Aquifer System

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Waterloo Moraine


Waterloo Moraine aquifer system
The geology of the Moraine is a quaternary kame and kettle complex. The glacial overburden consists of clay, interbedded tills, fine sand, sandy gravel, and coarse gravel. The stratigraphy is complex, but three relatively continuous till units have been identified throughout the Moraine. Glaciofluvial sand and gravel deposits located between the major till units form the major aquifers in the system. The upper aquifer is extensive and regionally continuous unit. The two lower aquifers are found as pockets of discontinuous sand and gravel. The underlying bedrock consists of dolomitic limestone in the western part of the area and limestone in the eastern part of the region. The bedrock has been observed to be fractured in the top few meters and is also thought to act as a relatively continuous aquifer which provides a hydraulic connection between discrete pockets of the lower confined aquifer. The recharge to the Moraine system is believed to enter mainly through sand hills along the core area of the Moraine. Water percolates in the till on the flanks of the moraine by high conductivities windows. Percolating water is believed to recharge lower aquifers by way of windows in the aquitards, fractures within the till fabric, or both. Groundwater flow is generally from northwest to southeast along the core of the Moraine, and toward the Nith and Grand Rivers. Local rivers and streams are hydrologically connected to the Waterloo moraine. The groundwater is abundant and characterized by high quality water. Groundwater is threatened by the potential rapid growth of the population and cities.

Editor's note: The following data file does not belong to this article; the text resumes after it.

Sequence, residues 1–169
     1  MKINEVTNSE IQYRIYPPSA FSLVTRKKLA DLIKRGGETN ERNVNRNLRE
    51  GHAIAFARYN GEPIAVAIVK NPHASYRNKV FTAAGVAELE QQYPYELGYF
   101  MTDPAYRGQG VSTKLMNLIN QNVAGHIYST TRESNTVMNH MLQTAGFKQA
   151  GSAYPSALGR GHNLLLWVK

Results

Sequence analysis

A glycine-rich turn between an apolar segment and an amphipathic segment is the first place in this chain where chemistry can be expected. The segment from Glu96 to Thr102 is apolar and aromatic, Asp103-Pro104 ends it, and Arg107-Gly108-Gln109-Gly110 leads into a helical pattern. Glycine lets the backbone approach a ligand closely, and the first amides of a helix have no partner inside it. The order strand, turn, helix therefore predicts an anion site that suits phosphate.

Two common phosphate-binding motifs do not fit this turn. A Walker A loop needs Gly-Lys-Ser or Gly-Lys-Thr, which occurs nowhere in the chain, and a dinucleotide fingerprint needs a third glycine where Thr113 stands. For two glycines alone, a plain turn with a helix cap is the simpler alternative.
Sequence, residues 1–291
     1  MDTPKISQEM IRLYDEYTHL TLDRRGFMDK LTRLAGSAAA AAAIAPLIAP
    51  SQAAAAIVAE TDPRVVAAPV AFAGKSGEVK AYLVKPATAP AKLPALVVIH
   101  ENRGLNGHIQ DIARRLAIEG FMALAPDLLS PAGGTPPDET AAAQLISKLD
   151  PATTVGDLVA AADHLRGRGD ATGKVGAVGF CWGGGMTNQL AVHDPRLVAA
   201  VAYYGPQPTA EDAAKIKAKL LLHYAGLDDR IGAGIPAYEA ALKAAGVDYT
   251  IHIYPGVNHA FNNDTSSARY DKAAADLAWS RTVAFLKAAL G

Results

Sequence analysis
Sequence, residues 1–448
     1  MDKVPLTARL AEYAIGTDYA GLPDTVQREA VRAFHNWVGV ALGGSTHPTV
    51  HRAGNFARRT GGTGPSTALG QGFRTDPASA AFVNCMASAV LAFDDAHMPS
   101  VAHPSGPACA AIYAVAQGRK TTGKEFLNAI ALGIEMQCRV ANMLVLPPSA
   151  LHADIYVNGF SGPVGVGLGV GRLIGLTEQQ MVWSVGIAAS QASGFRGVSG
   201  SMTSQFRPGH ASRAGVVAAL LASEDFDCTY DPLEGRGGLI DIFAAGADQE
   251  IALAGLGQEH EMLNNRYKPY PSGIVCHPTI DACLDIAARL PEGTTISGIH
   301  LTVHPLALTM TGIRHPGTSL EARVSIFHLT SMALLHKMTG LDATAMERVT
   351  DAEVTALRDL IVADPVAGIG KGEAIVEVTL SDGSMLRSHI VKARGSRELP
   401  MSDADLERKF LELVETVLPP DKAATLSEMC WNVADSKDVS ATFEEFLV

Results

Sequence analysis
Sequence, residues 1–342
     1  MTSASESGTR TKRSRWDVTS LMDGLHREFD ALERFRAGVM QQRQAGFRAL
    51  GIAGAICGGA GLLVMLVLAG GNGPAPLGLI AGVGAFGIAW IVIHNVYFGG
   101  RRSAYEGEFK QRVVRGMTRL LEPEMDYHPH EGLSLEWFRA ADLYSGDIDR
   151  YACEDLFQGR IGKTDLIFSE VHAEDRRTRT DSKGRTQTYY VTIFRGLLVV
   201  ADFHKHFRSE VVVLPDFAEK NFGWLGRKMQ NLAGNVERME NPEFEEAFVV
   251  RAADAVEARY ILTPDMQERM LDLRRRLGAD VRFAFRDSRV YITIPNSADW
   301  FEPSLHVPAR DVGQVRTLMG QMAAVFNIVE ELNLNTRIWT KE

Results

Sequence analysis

Source Project Datasets More info
Waterloo MoraineWaterloo moraine hydrogeological unitsVector Dataset
Project Publication More info
Waterloo MoraineParis and Galt Moraines, southern Ontario: depositional elements, paleoglacial implications, and hydrogeological applications
Waterloo MoraineParis and Galt Moraines, southern Ontario: depositional elements, paleoglacial implications, and hydrogeological applications
Waterloo MoraineSedimentary signatures of the Waterloo Moraine: Ontario, Canada
Waterloo MoraineGroudnwater contamination in the Kitchener-Waterllo area, Ontario
Waterloo MoraineThree-Dimensional Mapping of Quaternary Deposits in the Waterloo Region, Southwestern Ontario
Waterloo MoraineMethodologies for capture zone delineation for the Waterloo Moraine well fields
Waterloo MoraineTowards a Management Plan for the Waterloo Moraine: A Comprehensive Assessment of its Current State within the Region of Waterloo
Waterloo MoraineAn ecosystem approach to planning for groundwater: The case of Waterloo Region, Ontario, Canada
Waterloo MoraineAssessing groundwater recharge with two unsaturated zone modeling technologies
Waterloo MoraineA three-dimensional hydrostratigraphic model of the Waterloo Moraine area, southern Ontario, Canada
Waterloo MoraineDelineation of Three-Dimensional Well Capture Zones for Complex Multi-Aquifer Systems
Waterloo MoraineToward an understanding of the Waterloo Moraine hydrogeology
Waterloo MoraineNumerical investigation of road salt impact on an urban wellfield
Waterloo MoraineOn the implications of various approaches to groundwater source protection
Waterloo MoraineThreats to groundwater resources in urbanizing watersheds: The Waterloo Moraine and beyond
Waterloo MoraineInsights gained from geochemical studies in the Waterloo Moraine: Indications and implications for anthropogenic loading
An ecosystem approach to planning for groundwater: The case of Waterloo Region, Ontario, Canada
Modeling a Complex Multi-Aquifer System: The Waterloo Moraine
Waterloo MoraineGroudnwater contamination in the Kitchener-Waterllo area, Ontario
Waterloo MoraineThree-Dimensional Mapping of Quaternary Deposits in the Waterloo Region, Southwestern Ontario
Waterloo MoraineMethodologies for capture zone delineation for the Waterloo Moraine well fields
Waterloo MoraineAssessing groundwater recharge with two unsaturated zone modeling technologies